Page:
FRIDAY, MARCH 5
■ High in the southwestern sky, Mars is passing about 3° left of the Pleiades this evening and tomorrow evening, as shown below.
■ February was Orion's month to stand at his highest in the south in early evening. Now March pushes him westward and brings his dog, Canis Major sporting Sirius on his chest, onto the meridian.
In a moonless dark sky, the stars of Canis Major can be connected to form a nice dog profile, but through a brighter sky only his five brightest stars show well. These form the unmistakable Meat Cleaver. Sirius and Murzim (to its right) are the Cleaver's wide top end, with Sirius sparkling on its top back corner. Down to Sirius's lower left is the Cleaver's other end, including its short handle, formed by the triangle of Adhara, Wezen, and Aludra. The Cleaver is chopping toward lower right.
■ Want to try for Sirius B, the famous white dwarf? Sirius A and B are now at the apparent widest of their 50-year orbit, 11 arcseconds apart, and will remain so for the next several years before they start closing up again. You'll want at least an 8-inch scope, a night of really excellent seeing (keep checking night after night), Sirius at its very highest like it is now, and the Sirius-B-hunting tips in Bob King's article Sirius B – A New Pup in My Life.
The Pup is east-northeast of the Dog Star and 10 magnitudes fainter: one ten-thousandth as bright. As Bob recommends, put a homemade occulting bar across your eyepiece's field stop: a tiny strip of aluminum foil held with a bit of tape. Looking through the eyepiece, use a pencil point to maneuver the strip into sharp focus. At the scope, hide blinding Sirius A just behind the strip's edge.
■ Awake in early dawn Saturday morning? Spot the waning Moon in the south with, before the sky gets too bright, Antares about 12° to its right (for North America) amid upper Scorpius.
SATURDAY, MARCH 6
■ With the Moon gone from the evening sky, this is a fine week to look for the zodiacal light if you live in the mid-northern latitudes. At this time of year the ecliptic tilts high upward from the west horizon at nightfall. From a clear, clean, dark site, look west at the very end of twilight for a vague but huge, tall pyramid of pearly light. It's tilted to the left, aligned along the constellations of the zodiac.
What you're seeing is sunlit interplanetary dust orbiting the Sun near the ecliptic plane.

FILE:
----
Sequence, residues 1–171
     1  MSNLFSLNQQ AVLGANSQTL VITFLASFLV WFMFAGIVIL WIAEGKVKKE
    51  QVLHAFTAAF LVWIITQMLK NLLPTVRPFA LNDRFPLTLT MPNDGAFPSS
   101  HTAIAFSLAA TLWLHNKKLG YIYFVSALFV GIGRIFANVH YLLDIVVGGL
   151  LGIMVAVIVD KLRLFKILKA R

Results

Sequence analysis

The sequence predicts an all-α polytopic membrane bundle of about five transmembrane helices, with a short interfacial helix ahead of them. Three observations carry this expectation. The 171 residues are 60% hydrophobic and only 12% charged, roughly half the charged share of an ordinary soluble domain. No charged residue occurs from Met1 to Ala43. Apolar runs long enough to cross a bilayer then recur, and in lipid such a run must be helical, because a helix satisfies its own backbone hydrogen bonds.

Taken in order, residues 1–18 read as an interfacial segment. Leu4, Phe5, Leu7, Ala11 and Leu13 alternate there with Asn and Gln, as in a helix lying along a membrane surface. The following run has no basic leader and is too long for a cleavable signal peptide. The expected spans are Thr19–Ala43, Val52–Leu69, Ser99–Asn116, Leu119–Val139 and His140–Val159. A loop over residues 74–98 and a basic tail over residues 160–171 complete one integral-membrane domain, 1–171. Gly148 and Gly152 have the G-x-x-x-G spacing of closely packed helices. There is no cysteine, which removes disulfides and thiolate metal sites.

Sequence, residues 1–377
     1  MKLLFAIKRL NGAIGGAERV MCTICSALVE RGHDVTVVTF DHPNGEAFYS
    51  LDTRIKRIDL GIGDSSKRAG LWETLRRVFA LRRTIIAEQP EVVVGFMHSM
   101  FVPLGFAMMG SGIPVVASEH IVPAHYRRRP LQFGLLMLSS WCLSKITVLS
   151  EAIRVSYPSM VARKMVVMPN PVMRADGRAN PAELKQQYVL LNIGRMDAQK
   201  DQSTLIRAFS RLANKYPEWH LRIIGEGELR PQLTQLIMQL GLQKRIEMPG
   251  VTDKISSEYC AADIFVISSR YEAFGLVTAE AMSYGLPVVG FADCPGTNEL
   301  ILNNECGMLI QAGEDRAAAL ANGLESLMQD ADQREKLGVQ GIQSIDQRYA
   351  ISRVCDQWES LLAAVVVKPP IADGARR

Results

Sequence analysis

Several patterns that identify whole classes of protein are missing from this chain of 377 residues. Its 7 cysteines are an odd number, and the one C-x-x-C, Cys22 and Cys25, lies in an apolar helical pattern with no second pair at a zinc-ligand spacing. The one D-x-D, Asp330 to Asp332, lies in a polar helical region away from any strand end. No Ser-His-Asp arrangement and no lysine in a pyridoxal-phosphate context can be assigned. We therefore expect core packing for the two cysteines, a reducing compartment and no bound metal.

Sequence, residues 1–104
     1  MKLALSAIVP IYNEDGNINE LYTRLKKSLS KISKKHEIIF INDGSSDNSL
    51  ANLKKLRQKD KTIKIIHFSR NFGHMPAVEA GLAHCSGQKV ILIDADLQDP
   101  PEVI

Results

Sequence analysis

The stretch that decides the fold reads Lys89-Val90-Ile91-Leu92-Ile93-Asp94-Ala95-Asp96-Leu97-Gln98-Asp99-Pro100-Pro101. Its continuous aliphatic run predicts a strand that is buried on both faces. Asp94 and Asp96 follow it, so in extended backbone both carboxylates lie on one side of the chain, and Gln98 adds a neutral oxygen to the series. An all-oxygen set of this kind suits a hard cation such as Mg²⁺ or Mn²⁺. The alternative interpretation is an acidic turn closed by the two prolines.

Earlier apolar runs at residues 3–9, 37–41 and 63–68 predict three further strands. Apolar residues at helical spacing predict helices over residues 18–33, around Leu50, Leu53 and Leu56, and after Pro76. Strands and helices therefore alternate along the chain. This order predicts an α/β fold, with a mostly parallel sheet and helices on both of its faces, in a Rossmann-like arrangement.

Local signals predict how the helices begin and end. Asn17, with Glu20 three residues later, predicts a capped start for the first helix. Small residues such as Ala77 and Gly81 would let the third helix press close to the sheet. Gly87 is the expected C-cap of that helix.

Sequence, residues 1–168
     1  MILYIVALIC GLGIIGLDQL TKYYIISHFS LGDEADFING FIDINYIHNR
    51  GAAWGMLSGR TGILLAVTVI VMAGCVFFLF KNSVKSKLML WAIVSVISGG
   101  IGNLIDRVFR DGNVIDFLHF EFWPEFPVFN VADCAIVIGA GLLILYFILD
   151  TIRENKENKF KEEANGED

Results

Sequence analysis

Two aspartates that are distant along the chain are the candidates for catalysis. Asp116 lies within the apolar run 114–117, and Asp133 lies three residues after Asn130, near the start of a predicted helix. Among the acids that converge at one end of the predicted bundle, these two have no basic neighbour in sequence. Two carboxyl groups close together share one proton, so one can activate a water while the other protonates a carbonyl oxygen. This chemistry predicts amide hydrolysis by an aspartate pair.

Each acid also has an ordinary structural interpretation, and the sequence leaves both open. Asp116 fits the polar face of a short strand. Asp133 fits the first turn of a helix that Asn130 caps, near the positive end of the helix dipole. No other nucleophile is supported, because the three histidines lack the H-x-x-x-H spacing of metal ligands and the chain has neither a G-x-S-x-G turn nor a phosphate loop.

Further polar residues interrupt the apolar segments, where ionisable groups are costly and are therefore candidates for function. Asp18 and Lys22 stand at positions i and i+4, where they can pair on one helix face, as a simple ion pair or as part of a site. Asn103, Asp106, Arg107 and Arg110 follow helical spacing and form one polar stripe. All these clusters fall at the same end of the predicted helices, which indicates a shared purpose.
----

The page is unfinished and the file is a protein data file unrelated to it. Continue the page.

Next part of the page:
■ Also for these moonless nights: Certain deep-sky objects hold secret surprises within or near them. Get out your telescope and sky atlas for a go at Bob King's eight Hidden Gems in Common Deep-Sky Objects now in evening view.
SUNDAY, MARCH 7
■ The brightest asteroid, 4 Vesta, is just past opposition in Leo and shining at a binocular-easy magnitude 5.8. Use the finder chart with the article about Vesta in the March Sky & Telescope, page 48. If you were to swap Vesta in for our Moon, "the asteroid would look like a baby white potato with an apparent diameter of 4.7 arcminutes, about half the width of the Moon's Mare Imbrium. But Vesta would look spotlight-bright because it's nearly four times as reflective as our satellite neighbor."
MONDAY, MARCH 8
■ On the traditional divide between the winter and spring sky is the dim constellation Cancer. It's between Gemini to its west and Leo to its east. Cancer holds something unique: the Beehive Star Cluster, M44, in its middle.
The Beehive shows dimly to the naked eye if you have little or no light pollution. With binoculars it's easy, even under worse conditions. Look for it a little less than halfway from Pollux in Gemini to Regulus in Leo.
■ "Ken's Cancer Cascade" may sound like a terrible event at a hospital, but it's actually a long asterism of a star line, Kemble's Cascade style, 2° long at the Cancer-Gemini border. See Ken Hewitt-White's "All Around the Beehive" article, photos, and chart in the March Sky & Telescope, page 54.
■ As dawn brightens on Tuesday and Wednesday mornings, the waning crescent Moon poses with Saturn, Jupiter, and Mercury very low in the southeast. See the second panel in "This Week's Planet Roundup" below.
TUESDAY, MARCH 9
■ Bright Sirius, in the south these evenings, is the bottom star of the equilateral Winter Triangle. The other two stars of the Triangle are orange Betelgeuse to Sirius's upper right (Orion's shoulder) and Procyon to Sirius's upper left.
■ Using binoculars or a telescope at low power, examine the spot 4° south of Sirius (directly below it when near the meridian). Four degrees is somewhat less than the width of a typical binocular's or finderscope's field of view. Can you see a little patch of gray haze there? That's the open star cluster M41, about 2,200 light-years away. Its total magnitude adds up to 5.0, not at all hard in binoculars and obvious in a telescope.
Sirius, by comparison, is only 8.6 light-years away — and shines 400 times brighter.
WEDNESDAY, MARCH 10
■ By nightfall, the Big Dipper is high in the northeast and beginning to tip left. Look left of its center, by about three fists at arm's length, for Polaris in the dim Little Dipper. Other than Polaris, all you may see of the Little Dipper through light pollution are the two stars forming the outer edge of its bowl: Kochab (similar to Polaris in brightness) and below it, fainter Pherkad. Find these two "Guardians of the Pole" to Polaris's lower right by about a fist and a half at arm's length.
Now is the time of year when the Guardians line up exactly vertically around the end of twilight.